Study Guide

Home-Thoughts, from Abroad The Home

By Robert Browning

The Home

Oh, to be in England (1)

The title tells us that the speaker's thinking of home, and the first line lets us know that that home, for him, is England. That "Oh" to begin adds a kind of emotional intensity to the rest of the poem. We know that this dude is going through some serious homesickness.

whoever wakes in England
Sees, some morning, unaware,
That the lowest boughs and the brushwood sheaf
Round the elm-tree bole are in tiny leaf,
While the chaffinch sings on the orchard bough
In England—now! (3-8)

What's worse for the speaker than missing his home? It's the fact that other folks are back there, enjoying it. In the meantime, all he can do is imagine what they're experiencing in England, right down to the tiny leaves and birds. The level of detail here points to how intensely the speaker wants to be back.

And after April, when May follows, (9)

Here the speaker leaps forward in time. He's not only imagining what his home is like now, but what it will be like in a month. This move tells us just how connected he is to England, right down to the subtle shift in seasons that the space of a month might bring.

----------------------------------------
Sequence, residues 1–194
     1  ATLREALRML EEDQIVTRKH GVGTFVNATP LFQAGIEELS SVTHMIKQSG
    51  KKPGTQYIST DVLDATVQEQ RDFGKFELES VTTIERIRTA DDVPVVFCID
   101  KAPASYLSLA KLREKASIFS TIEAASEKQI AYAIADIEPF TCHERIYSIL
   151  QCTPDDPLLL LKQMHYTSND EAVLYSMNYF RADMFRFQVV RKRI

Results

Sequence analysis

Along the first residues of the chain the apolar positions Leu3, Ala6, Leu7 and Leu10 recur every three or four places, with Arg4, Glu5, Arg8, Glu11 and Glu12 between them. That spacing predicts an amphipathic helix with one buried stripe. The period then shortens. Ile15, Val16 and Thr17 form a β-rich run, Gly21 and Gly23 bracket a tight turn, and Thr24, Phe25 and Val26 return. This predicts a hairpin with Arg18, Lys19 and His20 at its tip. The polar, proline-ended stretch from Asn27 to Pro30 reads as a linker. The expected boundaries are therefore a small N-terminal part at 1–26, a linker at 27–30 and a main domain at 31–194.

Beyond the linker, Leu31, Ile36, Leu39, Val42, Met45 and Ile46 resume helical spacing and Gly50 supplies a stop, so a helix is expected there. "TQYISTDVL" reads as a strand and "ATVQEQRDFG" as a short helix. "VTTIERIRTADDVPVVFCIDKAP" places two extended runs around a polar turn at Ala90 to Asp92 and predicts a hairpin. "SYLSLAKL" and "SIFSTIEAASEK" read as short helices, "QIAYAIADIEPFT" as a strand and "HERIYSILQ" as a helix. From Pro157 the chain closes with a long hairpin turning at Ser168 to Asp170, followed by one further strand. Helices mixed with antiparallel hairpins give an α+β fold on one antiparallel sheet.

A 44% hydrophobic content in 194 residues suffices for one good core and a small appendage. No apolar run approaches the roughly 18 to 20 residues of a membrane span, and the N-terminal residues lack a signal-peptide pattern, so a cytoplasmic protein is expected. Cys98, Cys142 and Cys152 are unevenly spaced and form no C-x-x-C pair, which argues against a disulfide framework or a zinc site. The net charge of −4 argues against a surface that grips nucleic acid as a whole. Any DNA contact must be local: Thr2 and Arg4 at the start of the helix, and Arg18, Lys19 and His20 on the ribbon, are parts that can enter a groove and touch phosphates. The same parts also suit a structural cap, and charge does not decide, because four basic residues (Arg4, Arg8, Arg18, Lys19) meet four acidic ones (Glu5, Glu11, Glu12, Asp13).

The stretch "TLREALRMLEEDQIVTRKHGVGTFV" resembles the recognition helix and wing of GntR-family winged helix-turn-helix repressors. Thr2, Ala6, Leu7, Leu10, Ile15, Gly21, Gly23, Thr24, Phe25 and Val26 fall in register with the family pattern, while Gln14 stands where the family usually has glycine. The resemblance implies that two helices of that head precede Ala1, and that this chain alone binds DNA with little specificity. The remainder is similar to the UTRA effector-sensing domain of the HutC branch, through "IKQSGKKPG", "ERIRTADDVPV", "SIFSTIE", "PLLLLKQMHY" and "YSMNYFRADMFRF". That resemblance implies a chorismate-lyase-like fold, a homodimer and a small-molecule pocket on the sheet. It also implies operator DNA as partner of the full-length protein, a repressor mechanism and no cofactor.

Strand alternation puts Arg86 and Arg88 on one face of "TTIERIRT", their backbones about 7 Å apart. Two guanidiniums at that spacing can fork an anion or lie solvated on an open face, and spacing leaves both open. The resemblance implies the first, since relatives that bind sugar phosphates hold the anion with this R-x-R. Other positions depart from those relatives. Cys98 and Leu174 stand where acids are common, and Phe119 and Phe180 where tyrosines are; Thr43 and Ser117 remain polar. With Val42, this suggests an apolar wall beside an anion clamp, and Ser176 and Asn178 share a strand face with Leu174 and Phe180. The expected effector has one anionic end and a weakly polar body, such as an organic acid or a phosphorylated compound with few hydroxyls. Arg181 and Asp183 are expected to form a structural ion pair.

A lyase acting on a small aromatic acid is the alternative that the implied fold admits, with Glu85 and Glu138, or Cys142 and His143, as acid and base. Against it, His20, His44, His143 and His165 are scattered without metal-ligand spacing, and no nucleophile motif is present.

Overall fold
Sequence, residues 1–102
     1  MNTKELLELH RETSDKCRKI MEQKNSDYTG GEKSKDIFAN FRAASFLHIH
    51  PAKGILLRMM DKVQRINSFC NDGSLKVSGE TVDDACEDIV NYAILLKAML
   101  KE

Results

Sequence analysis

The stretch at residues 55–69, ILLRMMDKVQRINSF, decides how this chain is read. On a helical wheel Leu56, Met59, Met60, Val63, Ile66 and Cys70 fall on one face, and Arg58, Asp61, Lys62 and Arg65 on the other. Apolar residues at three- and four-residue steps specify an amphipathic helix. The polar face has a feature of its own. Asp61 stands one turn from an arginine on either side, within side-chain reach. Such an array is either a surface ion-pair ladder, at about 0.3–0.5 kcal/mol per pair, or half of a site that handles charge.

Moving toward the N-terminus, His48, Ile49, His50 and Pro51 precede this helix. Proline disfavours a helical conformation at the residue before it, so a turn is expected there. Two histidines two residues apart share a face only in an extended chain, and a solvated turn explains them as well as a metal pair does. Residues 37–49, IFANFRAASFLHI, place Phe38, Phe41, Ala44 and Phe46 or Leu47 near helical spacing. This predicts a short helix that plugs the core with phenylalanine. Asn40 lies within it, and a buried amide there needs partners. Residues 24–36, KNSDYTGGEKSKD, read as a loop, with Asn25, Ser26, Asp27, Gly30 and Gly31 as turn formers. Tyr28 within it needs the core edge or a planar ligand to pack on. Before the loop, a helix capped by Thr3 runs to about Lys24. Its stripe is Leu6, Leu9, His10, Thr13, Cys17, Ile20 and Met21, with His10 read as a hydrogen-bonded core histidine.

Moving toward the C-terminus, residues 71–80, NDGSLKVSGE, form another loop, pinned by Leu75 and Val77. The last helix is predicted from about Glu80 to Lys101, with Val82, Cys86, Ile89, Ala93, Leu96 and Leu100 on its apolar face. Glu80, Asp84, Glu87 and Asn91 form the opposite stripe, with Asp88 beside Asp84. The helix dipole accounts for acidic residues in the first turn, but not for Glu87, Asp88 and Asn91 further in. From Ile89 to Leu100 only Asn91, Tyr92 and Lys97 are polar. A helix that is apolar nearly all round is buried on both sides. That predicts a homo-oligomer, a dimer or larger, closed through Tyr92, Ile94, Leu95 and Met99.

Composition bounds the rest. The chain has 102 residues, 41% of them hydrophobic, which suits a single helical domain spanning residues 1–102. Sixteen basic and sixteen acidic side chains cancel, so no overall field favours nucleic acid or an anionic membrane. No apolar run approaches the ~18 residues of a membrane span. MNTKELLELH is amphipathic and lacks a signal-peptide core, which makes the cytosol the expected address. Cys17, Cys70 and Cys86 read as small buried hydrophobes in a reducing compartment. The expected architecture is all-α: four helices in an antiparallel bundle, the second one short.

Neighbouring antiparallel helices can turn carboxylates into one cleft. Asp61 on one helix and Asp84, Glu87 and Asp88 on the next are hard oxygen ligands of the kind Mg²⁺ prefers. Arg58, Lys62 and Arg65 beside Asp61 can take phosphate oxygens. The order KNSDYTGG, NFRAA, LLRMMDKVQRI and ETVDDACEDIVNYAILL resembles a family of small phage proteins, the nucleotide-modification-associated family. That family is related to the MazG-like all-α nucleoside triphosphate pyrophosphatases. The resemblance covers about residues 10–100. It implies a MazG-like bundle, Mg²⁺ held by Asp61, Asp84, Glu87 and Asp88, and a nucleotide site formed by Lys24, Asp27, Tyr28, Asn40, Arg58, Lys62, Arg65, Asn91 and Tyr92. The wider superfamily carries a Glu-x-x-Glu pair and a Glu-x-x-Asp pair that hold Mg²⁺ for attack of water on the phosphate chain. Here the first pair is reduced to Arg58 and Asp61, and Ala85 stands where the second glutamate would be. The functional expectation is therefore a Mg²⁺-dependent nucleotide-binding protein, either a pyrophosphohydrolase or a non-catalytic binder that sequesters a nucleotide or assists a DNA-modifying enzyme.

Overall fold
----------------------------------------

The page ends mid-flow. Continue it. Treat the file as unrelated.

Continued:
Hark, where my blossomed pear-tree in the hedge
Leans to the field and scatters on the clover
Blossoms and dewdrops—at the bent spray's edge—
That's the wise thrush; he sings each song twice over, (11-14)

What's most telling about this passage is the word "my." Either the speaker is imagining an orchard in his own back yard at home, or he's so connected to this scene that he feels possessive of its details. We know feel that way about the pizza joint around the corner.

Far brighter than this gaudy melon-flower! (20)

Sometimes what brings home most into focus is the sheer difference you find in your surroundings. Based on this line, it's a safe bet to say that England has a lot of things going on in spring, but melon flowers sure aren't one of them. It's too cool, apparently. We didn't think it was possible to hate on a flower, but the speaker's description of the flower as "gaudy" tells us just how annoyed he is to be seeing it. He'd rather enjoy the more familiar details of his home.

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